Want to learn more about working with people with disabilities? Experts suggest these avenues:
Seek out mentors, teachers and peers with experience working with people who have disabilities. These are the people who can show you, from first-hand experience, the best ways of working with people with disabilities, says Sybille Ulrike, a fourth-year student working toward her PsyD at Alliant International University who is deaf.
Look for ways to meet people with disabilities. Gain exposure to people with disabilities, and hone your professional and personal skills by doing some of your training in an area where you have a better chance of working with them, such as in neuropsychology, rehabilitation or developmental psychology, advises Ulrike.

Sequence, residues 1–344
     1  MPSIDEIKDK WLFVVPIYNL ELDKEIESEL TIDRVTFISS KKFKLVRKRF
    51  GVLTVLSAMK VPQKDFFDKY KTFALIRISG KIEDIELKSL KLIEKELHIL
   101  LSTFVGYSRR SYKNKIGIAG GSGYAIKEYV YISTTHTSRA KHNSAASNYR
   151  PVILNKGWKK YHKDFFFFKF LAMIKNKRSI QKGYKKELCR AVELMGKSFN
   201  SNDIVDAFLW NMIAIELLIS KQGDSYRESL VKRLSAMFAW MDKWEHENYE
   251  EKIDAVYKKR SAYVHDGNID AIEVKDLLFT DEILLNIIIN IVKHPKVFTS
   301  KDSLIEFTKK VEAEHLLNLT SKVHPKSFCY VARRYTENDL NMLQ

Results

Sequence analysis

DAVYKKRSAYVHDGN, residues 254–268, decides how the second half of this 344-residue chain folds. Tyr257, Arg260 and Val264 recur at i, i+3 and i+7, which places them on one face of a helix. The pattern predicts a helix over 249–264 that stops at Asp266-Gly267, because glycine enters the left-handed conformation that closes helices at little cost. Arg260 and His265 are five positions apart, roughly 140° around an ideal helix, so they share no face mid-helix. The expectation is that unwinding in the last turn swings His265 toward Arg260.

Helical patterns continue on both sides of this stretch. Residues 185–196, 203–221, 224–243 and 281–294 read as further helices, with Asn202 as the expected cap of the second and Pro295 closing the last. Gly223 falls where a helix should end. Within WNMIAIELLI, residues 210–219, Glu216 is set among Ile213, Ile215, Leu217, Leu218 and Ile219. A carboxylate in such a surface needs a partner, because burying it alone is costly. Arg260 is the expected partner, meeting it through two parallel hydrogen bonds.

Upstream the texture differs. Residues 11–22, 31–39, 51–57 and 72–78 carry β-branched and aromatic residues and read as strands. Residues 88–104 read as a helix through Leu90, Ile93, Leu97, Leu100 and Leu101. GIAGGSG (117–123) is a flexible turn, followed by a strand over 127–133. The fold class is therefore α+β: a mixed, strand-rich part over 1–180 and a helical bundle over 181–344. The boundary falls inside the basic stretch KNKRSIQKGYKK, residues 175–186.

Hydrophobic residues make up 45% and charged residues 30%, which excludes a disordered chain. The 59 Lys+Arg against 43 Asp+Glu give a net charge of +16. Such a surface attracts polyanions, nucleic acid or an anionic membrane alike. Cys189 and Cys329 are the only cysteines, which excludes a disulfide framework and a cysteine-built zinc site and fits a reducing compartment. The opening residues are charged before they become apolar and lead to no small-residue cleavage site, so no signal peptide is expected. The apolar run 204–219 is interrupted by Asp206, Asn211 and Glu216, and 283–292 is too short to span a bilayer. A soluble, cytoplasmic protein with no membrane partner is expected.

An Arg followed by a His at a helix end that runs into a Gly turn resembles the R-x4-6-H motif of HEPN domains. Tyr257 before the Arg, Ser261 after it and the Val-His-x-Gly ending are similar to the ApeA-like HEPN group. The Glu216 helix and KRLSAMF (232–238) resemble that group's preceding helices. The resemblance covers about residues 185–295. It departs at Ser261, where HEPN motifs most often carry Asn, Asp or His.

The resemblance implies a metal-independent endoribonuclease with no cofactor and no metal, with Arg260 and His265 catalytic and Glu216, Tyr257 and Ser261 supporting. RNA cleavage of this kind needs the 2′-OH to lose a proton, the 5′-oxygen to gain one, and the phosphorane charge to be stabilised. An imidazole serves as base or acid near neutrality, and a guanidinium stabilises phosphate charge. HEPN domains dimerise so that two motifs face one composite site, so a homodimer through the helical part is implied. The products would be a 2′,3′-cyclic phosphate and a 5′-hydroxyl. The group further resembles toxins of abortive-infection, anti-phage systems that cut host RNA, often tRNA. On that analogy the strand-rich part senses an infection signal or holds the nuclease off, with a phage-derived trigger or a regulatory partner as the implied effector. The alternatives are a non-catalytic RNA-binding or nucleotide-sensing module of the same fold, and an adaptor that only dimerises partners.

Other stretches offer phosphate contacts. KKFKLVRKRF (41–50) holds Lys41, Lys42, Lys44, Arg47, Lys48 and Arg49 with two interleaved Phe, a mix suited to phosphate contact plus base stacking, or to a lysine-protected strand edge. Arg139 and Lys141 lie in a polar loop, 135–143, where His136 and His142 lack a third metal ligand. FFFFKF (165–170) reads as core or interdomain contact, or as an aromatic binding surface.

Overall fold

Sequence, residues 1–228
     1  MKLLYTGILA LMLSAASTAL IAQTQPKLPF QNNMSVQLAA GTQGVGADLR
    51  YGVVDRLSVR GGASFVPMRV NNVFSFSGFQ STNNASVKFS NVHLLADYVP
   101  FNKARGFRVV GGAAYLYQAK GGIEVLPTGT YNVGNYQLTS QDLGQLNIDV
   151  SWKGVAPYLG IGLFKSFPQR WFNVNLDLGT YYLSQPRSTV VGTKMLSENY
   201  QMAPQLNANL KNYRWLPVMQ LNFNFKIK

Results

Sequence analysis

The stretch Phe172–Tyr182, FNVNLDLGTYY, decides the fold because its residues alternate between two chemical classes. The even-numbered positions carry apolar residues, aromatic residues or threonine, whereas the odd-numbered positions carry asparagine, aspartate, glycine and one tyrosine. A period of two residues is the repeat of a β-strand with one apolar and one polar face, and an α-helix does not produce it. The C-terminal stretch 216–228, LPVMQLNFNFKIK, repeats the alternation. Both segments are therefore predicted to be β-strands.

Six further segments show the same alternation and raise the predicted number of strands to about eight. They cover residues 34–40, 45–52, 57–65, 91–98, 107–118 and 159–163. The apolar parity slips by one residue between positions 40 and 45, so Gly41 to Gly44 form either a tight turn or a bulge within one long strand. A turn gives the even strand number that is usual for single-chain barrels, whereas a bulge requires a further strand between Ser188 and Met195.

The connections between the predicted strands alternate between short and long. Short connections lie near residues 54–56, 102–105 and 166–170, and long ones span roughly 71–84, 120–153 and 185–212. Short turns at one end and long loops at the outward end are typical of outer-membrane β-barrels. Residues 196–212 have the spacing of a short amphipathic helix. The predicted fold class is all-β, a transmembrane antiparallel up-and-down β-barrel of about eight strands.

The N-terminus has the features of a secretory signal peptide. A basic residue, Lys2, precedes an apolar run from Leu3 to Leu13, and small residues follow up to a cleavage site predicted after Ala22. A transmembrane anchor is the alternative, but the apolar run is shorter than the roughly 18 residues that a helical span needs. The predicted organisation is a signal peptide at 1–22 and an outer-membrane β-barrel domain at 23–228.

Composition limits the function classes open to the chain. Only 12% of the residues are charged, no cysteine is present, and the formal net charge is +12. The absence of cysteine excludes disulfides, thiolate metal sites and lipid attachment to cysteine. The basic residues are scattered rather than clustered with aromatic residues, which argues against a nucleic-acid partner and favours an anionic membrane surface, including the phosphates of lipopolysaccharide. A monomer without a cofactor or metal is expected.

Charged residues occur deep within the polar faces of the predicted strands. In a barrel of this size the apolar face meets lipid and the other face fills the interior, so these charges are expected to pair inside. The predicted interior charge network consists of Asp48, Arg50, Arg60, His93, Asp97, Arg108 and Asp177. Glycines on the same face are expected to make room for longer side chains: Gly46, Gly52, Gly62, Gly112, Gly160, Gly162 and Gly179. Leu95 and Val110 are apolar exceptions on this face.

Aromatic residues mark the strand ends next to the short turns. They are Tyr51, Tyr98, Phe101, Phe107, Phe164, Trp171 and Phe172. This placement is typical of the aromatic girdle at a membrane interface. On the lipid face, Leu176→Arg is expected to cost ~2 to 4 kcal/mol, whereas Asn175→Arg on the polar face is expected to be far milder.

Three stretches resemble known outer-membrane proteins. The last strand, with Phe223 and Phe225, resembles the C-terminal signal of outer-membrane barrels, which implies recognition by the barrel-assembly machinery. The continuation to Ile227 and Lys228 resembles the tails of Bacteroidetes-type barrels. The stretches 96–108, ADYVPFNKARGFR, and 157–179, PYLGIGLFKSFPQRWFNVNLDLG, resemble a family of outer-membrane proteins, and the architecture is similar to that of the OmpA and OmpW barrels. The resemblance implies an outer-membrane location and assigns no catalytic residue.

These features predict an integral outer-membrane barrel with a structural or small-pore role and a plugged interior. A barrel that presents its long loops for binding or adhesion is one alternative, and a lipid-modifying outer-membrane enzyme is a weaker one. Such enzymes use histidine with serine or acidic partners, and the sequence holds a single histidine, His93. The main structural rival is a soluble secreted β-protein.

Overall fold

Students can also tap community disability groups, suggests Ulrike, by, for example, helping with community interventions or becoming involved in disability activism.
Work for changes to school curriculum. "Students who are interested in disability should push their graduate programs to teach about it," says Greg Taliaferro, PhD, a private practitioner who has cerebral palsy and a visual impairment.
If you find the work fulfilling, there are many ways to make working with people who have disabilities part of your career, says psychologist Tamar Heller, PhD, of the department of disability and human development at the University of Illinois at Chicago. Many human service organizations specialize in disability, including rehabilitation hospitals, developmental disability agencies and mental health centers. There are also opportunities to work on disability policy issues in the government, notes Heller.